In some respects, much more so, for it sets off an entire rainbow of feeling as one's imagination is stirred by the visual prod of these onetime slices of real lives. Until you've let your eyes drift among the radiant faces of those graduating seniors &endash; some of them vivacious, some shy, some with that expectant look only found in the innocence of youth &endash; you cannot know its effect. Each is the keepsake of an entire life already lived, though unknown at that moment. Each is a dream, in effect . . . a dream that plays differently at every viewing!
But going back to my original point, these old annuals are part of a growing counter-attack that I make on the debilitating, worrisome impact of today's world on my well-being. It can be argued, of course, that I am simply in denial of reality &emdash; but it would not be the first time that I have made a positive choice for my own reality, in preference to the 'standard model' being offered; and I hardly need to observe that when I last did so, thirty years ago, I made a choice I've never been sorry for. So, perhaps the time for it has come again.
3. We have this absolute conviction that reality just is,
...and that we've got to learn to live with it, which omits any recognition of a creative potential that we possess, over our own reality. I'm not talking about the course of our lives, here, but a deeper aspect: the functional framework within which that path is pursued &emdash; how life is understood to work, the way things can and do happen to us, and for us, the things we regard as possible (or impossible), based on prior experience or belief. This is our reality framework, and I'm observing that there is a creative fluidity to it, and therefore that it can be different for each one of us, and at various stages in an individual life &emdash; maybe only a tiny fractional difference, but it needn't be more than that to have a profound effect on the lives we experience . . . after all, recall that there is only a 1.6 percent difference in the entire genetic structure, between humans and chimpanzees.
The whole concept is generally unacceptable, because of our enchantment by the 'hard reality' world of science, the primary present-day religion, regardless of how much we posture about a side-by-side existence of some separate religion, which at best is only shadow of what it once was. We live by science, in every sense of the word, and I know no better evidence of a super-arrogating belief system (i.e., a religion).
Well, I do not mean to challenge or deprive you of your 'religion,' and I'm sure you can resist this argument of mine quite easily, if you wish to do so. After all, there is a long history of science at your disposal, and an abundance of its 'clergy' to be consulted, for support. But I want to offer an alternative view of reality, for those who think there may be something wrong with the 'authorized model' of it. And I can best do so by telling you how I arrived at it.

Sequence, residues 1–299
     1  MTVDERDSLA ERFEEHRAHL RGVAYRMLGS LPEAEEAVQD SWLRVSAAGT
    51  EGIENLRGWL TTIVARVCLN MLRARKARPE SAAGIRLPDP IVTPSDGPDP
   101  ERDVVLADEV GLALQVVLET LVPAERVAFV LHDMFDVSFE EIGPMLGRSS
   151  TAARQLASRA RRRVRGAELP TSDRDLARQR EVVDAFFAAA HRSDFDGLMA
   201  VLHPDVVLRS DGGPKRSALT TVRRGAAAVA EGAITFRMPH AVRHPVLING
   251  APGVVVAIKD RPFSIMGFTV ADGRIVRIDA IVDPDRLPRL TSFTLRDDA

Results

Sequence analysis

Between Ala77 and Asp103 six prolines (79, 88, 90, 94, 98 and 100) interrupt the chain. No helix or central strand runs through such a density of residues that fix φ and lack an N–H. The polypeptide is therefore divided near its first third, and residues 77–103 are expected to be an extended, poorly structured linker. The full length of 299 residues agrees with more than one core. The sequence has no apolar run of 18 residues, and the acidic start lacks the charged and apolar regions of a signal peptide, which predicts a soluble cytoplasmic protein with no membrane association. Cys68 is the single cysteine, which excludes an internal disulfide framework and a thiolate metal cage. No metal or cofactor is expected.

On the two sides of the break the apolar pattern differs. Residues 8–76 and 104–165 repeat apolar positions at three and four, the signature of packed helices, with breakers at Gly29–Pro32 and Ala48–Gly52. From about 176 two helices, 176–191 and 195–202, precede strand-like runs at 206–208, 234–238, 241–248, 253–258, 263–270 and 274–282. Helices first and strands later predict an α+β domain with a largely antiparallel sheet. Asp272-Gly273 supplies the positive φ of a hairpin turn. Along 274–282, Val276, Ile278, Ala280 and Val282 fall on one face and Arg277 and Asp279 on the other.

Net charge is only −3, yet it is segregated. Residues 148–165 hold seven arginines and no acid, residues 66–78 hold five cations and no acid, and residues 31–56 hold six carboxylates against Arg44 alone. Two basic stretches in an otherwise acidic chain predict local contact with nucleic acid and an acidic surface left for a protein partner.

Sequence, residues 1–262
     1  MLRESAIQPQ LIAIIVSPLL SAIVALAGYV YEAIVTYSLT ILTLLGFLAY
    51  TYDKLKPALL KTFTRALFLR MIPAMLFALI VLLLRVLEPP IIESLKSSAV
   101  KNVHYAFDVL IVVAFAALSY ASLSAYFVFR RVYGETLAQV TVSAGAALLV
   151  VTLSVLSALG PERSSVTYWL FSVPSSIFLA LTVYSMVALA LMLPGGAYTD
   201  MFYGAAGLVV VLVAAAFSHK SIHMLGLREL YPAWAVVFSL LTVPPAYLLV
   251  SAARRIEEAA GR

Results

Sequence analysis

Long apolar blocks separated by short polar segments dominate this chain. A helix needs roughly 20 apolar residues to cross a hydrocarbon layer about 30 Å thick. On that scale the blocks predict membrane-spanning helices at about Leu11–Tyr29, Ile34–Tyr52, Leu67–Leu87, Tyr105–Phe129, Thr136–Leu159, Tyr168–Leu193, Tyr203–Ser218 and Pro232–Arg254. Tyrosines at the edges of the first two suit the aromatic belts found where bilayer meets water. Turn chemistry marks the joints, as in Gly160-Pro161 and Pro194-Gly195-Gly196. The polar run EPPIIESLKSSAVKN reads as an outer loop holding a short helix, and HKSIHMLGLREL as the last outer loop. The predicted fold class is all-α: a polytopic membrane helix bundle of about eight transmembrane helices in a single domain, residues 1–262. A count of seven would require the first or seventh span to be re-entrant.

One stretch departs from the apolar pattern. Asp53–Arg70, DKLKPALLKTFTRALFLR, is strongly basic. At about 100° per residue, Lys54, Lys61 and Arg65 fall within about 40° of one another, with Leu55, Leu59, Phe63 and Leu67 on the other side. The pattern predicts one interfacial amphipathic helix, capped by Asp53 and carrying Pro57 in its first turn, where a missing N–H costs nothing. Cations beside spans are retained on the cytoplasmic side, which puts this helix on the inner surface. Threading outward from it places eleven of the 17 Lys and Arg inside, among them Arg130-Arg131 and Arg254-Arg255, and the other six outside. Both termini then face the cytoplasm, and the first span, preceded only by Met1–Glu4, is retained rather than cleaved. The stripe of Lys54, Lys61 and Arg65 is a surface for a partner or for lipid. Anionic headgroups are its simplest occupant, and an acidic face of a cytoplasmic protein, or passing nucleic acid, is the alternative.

My life, for many years, as you may know, incorporated poverty at a welcome level. Welcome for several reasons: 1) it was an acceptable tradeoff for the need of a job-based regular income &emdash; I no longer wanted to be in the labor force; 2) it made life adventurous and interesting; 3) it became, for me, the avenue to an experiential knowledge of how life works, impossible to know unless one lives, in some way or another, 'on the edge'; 4) it resulted in a steady, positive flow of Providence for me.
For as long as I stayed within the common reality (what I perceived, then, as the only reality) I had no idea that 'how it worked' could be an individual matter. Things just worked better for some than others &emdash; maybe it was perseverance, maybe luck, maybe knowing the right people or coming from the right family, but I had no reason to think that their operating reality might be different than mine, since science, and the rational outlook on which it stands, do not support any such concept.
However, practically from the very day that I walked away from the job world, and faced a whole new range of life conditions, I began to see my world working in strange &endash; sometimes amazingly strange &endash; ways. I paid a great deal of attention to this, filtered through a greatly prized rational mind, and ultimately I had no choice (short of pure denial) but to recognize a direct connection between the way I was living and the different way my world now worked.
My earliest journals reveal a wonder at the amazing, once-in-a-million, pinpoint instances of things falling neatly into place for me, when I left the old way of life, and I thought it was nothing but pure fool's luck. But two years later, when I was observing the unaccountable constancy of a major early-August crisis in my life, for three consecutive years, I was no longer willing to take it as coincidence. It became, instead, a springboard into the primary study of my latter years: a seasonal effect on consciousness and reality.